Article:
I would have to say that in all but the most astute, few dug deep enough into their surgical procedure of fusion to find out how the surgeon was going to help the bones fuse together. As a chiropractor, obviously the idea of fusion scares the heck out of me and I fear that far to few of spinal fusion patients have undergone a solid course of chiropractic care.
Back in 2002, the FDA approved the use of a type of cement in spinal surgeries. This cement, called recombinant human bone morphogenetic protein-2 (rhBMP-2), was designed to cause your body to produce more bone to allow a faster and more complete fusion between the vertebrae that we being fused.
Sounds great, right? Unfortunately, in most of the studies conducted on this compound (the manufacturer was Medtronic and the product was called Infuse (R)) they left a little something out. Adverse effects.
Of 13 studies done by Medtronic, not a single one reported adverse effects related to the use of this compound. In this particular study, the authors took a new look at the data and found an adverse effects in 10 to 50% of the patients that received the compound. Additionally, there were very strong financial ties between the researchers of these studies and Medtronic. The authors of this current study call the original research “biased and corrupt.”
Wow. I have had a select few patients in my office who, quite frankly, we tried everything possible to keep them from having surgery and we not successful. I see a need in the right time and place for spinal fusion when EVERYTHING else has failed.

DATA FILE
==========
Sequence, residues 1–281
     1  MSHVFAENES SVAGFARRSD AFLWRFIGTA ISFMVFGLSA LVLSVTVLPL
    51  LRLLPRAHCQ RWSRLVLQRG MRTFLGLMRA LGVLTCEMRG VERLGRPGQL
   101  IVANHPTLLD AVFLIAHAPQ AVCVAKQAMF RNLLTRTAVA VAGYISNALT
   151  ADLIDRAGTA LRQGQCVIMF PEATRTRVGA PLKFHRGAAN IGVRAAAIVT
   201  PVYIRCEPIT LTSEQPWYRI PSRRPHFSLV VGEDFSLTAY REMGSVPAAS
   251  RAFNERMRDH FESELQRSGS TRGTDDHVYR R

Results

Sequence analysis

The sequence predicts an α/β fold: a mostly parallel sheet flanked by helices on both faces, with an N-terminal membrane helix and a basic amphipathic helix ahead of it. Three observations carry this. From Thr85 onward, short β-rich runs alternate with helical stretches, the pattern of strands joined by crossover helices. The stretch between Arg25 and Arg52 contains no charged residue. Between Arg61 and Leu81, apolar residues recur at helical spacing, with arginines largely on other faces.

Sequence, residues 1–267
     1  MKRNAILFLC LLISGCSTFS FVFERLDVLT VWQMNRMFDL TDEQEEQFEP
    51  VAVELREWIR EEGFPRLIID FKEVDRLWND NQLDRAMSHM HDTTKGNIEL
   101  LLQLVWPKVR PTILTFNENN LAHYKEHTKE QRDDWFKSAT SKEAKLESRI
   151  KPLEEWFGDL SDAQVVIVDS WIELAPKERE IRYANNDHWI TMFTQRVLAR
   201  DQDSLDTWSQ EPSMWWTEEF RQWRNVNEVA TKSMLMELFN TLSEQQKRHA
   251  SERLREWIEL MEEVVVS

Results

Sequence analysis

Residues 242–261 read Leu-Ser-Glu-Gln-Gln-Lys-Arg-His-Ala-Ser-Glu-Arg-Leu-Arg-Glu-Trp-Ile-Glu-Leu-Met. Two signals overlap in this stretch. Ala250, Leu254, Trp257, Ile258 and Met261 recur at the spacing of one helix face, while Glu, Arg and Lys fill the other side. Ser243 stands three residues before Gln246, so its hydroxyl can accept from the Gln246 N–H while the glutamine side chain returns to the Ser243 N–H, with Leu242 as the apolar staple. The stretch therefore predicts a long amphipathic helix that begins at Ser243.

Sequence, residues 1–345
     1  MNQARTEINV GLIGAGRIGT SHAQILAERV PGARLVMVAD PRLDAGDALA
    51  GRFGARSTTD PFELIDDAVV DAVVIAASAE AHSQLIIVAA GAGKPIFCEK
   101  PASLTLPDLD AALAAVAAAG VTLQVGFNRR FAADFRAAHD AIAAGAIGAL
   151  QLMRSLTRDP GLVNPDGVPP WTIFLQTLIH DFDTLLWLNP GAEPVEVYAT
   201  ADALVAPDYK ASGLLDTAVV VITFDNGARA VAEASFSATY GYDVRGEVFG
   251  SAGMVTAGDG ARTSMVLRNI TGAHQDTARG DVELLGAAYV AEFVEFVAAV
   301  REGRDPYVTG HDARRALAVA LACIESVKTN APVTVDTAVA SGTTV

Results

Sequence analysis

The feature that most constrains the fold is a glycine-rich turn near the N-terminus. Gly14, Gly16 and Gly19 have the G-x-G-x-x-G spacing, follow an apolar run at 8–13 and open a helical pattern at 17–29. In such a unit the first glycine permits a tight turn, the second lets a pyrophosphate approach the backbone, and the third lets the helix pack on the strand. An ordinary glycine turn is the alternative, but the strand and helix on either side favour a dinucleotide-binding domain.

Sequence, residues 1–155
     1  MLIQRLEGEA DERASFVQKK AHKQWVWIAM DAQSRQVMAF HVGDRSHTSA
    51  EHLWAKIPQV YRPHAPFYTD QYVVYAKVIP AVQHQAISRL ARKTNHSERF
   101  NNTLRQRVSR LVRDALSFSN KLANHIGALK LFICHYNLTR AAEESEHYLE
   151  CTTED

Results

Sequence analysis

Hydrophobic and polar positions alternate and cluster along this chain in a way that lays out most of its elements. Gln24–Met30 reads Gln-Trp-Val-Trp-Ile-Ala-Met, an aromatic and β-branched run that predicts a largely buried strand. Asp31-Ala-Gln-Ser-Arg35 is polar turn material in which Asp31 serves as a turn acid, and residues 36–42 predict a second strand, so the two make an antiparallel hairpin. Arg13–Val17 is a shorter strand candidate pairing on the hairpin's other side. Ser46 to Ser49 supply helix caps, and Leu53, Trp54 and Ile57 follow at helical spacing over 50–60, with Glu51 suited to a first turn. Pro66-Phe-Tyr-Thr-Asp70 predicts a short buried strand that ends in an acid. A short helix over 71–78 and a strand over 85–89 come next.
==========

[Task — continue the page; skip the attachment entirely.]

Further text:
But what about the patients that were steered into spinal fusion far too soon (it is well documented that those who see a surgeon or primary care doctor first instead of a chiropactor, are more likely to have surgery)? And what if these patients had a surgery that used this compound and they were in the percentage that experienced adverse effects?
All too often in medical research the story is the same. The data is manipulated to favor the funding biotech or pharmaceutical company. The doctor or surgeon places false benefit on the product leading to recommendation to patients. It is ultimately the patient that may pay for this transgression.
The bottom line is that we need to always, always, always do our due diligence with anything being done to our bodies if it was not in the original plan by Mother Nature.